If you aren’t a tradesperson, then things are a little more complicated:

If you’re a DIYer you may be able to add cover for hired in machinery to your home insurance, this usually covers damage to (called accident cover) or theft of the digger, you’ll need to ask whether this covers any damage to third parties (this is often sold as separate cover called “liability insurance”). This may not include “in transport” cover so you’ll need to check your vehicle insurance for that.

As a general rule of thumb, if you a DIYer and don’t have any existing policies in place, it can be cheaper to hire a digger with an operator as they should come with policies included that cover transporting the digger to site, damage/theft as well as liability cover to neighbouring properties and utilities etc.

If you really want to operate the digger yourself, then you may need to take out two separate policies. You won’t need “in transport cover” if you get the digger delivered.

Frequently Asked Questions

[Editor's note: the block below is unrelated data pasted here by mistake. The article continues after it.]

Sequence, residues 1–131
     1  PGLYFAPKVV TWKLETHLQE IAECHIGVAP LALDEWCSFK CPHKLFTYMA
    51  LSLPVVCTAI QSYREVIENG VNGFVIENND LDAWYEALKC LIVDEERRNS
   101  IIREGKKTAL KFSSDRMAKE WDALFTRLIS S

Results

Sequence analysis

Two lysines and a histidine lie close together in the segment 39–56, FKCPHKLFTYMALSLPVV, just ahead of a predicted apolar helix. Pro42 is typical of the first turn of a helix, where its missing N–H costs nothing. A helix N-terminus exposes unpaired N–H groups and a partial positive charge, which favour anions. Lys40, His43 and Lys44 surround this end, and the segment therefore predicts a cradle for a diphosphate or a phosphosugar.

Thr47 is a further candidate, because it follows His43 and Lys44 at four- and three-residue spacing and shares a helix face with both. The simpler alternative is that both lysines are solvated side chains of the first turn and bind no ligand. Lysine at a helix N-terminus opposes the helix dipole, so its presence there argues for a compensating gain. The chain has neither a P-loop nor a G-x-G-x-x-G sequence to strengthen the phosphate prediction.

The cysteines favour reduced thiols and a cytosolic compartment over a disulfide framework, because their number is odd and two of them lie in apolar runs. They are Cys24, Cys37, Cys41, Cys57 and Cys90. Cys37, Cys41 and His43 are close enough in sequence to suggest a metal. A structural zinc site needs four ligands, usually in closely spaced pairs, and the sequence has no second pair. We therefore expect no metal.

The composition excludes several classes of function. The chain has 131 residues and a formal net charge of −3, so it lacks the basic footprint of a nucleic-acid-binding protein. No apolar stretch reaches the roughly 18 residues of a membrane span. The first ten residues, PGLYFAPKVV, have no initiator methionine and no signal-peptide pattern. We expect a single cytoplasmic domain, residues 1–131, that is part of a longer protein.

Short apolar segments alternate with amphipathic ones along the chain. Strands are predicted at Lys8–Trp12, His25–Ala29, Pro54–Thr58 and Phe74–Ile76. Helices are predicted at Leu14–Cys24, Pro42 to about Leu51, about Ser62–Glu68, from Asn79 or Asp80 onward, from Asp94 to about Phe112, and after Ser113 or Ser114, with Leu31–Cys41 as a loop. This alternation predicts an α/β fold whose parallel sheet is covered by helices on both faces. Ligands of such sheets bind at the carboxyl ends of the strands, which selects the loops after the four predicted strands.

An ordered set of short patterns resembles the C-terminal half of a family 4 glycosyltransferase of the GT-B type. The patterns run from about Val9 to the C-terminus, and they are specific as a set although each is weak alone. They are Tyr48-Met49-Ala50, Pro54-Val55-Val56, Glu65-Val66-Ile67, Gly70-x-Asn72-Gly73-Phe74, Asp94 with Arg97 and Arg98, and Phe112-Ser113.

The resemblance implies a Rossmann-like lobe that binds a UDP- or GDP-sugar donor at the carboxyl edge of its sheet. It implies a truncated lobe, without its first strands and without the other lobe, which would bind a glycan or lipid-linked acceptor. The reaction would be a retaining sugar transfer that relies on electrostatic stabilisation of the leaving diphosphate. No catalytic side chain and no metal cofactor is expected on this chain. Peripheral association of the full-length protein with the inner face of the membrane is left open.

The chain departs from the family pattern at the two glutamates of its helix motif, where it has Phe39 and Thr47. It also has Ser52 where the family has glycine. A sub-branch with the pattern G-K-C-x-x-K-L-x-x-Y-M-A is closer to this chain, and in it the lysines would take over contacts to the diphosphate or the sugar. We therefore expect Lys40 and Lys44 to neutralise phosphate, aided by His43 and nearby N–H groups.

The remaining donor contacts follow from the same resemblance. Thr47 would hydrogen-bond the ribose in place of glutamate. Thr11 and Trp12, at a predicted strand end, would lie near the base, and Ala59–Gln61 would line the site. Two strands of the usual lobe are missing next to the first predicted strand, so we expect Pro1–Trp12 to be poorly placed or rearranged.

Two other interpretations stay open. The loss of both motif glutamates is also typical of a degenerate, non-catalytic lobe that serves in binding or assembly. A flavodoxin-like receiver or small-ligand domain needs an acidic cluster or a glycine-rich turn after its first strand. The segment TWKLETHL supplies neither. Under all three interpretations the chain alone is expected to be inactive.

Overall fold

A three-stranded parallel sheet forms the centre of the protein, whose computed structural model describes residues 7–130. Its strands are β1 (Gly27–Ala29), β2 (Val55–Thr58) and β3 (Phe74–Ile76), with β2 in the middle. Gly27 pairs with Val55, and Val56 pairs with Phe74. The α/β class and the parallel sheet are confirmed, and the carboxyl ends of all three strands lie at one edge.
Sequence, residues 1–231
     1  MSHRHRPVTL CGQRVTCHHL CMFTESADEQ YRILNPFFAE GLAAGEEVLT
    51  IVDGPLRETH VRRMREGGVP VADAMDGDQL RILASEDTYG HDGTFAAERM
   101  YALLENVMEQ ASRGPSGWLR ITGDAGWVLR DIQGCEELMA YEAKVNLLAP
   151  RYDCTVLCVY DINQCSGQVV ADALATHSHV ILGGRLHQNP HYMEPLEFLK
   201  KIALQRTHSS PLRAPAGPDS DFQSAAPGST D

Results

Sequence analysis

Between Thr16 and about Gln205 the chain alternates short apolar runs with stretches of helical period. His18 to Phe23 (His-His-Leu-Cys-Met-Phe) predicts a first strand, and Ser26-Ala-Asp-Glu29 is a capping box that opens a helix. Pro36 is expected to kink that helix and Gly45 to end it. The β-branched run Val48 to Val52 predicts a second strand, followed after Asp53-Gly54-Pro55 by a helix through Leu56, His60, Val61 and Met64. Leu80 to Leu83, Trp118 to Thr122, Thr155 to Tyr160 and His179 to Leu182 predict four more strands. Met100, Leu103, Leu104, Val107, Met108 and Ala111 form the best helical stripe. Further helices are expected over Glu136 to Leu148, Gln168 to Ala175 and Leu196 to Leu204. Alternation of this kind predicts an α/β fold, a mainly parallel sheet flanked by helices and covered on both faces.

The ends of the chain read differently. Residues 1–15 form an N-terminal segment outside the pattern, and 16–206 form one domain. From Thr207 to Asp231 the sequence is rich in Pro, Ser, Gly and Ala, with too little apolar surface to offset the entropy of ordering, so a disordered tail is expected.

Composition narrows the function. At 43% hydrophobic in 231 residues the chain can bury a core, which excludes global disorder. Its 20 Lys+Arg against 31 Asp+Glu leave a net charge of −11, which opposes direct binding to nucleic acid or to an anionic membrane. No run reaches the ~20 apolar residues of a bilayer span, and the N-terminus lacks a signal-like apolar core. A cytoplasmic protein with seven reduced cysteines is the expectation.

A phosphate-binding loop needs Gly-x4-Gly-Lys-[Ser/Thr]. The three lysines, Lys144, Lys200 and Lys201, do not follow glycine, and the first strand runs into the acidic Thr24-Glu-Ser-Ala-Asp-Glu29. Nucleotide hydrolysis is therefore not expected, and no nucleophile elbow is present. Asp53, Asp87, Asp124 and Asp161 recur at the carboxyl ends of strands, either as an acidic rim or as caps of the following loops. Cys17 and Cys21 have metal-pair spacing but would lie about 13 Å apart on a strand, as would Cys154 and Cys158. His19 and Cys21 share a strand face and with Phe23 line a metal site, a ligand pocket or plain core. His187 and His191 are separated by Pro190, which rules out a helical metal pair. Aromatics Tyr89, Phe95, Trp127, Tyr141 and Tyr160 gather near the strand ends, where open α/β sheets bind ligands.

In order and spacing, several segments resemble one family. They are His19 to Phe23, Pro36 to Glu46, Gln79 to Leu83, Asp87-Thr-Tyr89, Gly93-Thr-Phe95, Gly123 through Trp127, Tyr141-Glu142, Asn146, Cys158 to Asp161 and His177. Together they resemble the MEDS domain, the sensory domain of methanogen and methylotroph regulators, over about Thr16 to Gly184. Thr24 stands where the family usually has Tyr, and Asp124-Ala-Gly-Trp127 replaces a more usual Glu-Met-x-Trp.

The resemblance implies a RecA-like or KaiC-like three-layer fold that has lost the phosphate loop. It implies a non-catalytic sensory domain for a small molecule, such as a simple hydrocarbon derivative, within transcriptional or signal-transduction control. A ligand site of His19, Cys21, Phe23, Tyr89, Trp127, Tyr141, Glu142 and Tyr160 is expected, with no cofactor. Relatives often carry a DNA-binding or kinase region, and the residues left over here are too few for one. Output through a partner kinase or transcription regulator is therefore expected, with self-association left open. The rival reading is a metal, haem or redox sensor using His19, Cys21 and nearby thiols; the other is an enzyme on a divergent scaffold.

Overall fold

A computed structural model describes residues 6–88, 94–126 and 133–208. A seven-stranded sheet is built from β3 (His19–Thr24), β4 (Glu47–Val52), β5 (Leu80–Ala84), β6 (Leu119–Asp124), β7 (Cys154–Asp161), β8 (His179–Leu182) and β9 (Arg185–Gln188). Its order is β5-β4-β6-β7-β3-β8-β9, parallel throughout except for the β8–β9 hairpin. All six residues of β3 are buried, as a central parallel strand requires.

Q: Do I need a licence to drive a mini digger?

A: As long as the vehicle isn’t being driven on a public road then you don’t need a licence. If you intend to use it within a building site, you may be asked for proof of training or a certificate of competence.

Q: Do I need to be trained on how to use it?

A: The hire shop will explain how it works and give you a demonstration. This is sufficient for use on your own premises but if you intend to use it within a building site, you’ll probably need more specialist and in-depth training.

Q: What’s the minimum hire length?

A: 24 hours is often the shortest amount of time you can hire a digger, only a few some shops hire them out for a half a day. You may find that some places do not include a Sunday as a day, so if you hire on Saturday morning and bring the machine back on Monday morning, you’ll only be charged for one day.

Q: Who is responsible for punctures, damage, theft, tracks coming detached or getting help digging you out of a hole?

A: You are. Please double check that you have adequate insurance cover.

Q: What bucket sizes are available?

A: For smaller diggers, bucket sizes 12″, 24″ and 36″ are usually supplied, although different sizes may be available.

Q: Is insurance compulsory?

A: Some hire shops will demand that you have “hired in plant” insurance cover, some won’t. www.jcbinsurance.com is one of several insurers that specialise in plant hire cover.